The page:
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May 4th, 2016
Better Integration of Land Use Impacts Needed Across EU Policies

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Land is a valuable and limited resource. The environmental impact of land used for building new roads, houses or energy grids should be better integrated into European Union policies, according to a report released today by the European Environment Agency. A preliminary review on how land is used in the EU found that more attention should be paid to environmental concerns.

The report ‘The direct and indirect impacts of EU policies on land,’ looks at key aspects of land use, including land take, which is when land is ‘taken’ or developed for infrastructure such as roads, or rail networks. Land take can lead to land degradation and have a negative impact on the natural functioning of soils. Land take involves soil sealing, which can lead to soil biodiversity loss. Land degradation includes erosion and the loss of organic matter in the soils. These have a knock-on effect on ecosystems, food production and the regulation of water.

The EEA report checks the EU’s four biggest policies — the Cohesion Policy, Transport Policy, Energy Policy and the Common Agricultural Policy — to see how they affect land use across Europe.  The analysis was carried out based on an approach or methodology that looked at a set of evaluation criteria, including evidence of impacts, relevance, coherence, effectiveness, and EU added value.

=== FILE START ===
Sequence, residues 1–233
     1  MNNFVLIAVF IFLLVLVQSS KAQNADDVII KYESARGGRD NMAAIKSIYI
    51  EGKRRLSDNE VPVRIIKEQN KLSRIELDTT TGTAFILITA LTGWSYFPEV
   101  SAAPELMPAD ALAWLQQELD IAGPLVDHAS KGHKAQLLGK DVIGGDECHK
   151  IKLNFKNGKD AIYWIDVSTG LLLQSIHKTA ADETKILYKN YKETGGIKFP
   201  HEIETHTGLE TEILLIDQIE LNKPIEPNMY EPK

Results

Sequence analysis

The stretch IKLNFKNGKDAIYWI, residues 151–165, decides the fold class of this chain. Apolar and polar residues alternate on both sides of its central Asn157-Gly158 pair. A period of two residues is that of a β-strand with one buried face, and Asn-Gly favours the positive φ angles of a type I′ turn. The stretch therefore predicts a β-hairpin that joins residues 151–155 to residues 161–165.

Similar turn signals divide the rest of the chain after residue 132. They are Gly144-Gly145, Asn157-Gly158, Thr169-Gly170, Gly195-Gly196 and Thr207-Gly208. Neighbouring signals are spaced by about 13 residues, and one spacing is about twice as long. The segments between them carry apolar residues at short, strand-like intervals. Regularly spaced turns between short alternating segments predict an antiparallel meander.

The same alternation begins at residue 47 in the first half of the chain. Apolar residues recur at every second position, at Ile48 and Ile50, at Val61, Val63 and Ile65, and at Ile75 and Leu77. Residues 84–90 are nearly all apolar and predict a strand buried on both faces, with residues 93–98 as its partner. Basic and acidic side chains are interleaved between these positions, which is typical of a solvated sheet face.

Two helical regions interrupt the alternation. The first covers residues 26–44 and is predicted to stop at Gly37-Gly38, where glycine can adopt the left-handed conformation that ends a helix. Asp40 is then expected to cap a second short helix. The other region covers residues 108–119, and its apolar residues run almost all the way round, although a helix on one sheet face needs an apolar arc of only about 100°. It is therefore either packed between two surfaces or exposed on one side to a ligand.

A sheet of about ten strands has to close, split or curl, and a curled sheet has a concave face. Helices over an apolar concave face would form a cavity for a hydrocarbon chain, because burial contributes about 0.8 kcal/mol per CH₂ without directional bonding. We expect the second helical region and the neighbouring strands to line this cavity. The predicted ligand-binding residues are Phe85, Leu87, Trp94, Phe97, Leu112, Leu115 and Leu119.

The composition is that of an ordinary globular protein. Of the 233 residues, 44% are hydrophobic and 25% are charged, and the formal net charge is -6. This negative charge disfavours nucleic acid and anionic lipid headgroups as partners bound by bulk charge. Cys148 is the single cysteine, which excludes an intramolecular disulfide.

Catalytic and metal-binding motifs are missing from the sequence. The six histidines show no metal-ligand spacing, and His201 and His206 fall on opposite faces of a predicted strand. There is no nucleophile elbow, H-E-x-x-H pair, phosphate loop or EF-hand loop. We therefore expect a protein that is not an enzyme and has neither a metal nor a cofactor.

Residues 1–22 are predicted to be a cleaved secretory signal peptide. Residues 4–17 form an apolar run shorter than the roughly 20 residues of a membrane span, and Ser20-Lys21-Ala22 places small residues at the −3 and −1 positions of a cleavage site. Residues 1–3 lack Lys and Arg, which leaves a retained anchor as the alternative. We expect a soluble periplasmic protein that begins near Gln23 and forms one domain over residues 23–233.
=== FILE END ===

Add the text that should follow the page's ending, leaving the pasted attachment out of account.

The initial evaluation found that the policies would be more effective if they better balance environmental concerns with other priorities. This can be done with the use of targets to improve the balance between demand and supply of available land. This would also help EU-wide efforts to protect land and the environment.

The report also considers EU objectives related to land take and land degradation under theEU’s 7th Environment Action Programme, which aims to protect land and soil for future generations. EU objectives include setting a target of ‘no net land take’ by 2050; reducing soil erosion; increasing soil organic matter; remediating contaminated sites; and integrating land use concerns into all levels of government, including via the adoption of targets on soil and land as a resource.

The analysis also draws on two in-depth case studies, assessing the impacts of EU Cohesion Policy, and specifically spending for transport on land in Poland, and the role of EU policies in land take and land degradation impacts in the region of Andalusia, Spain.

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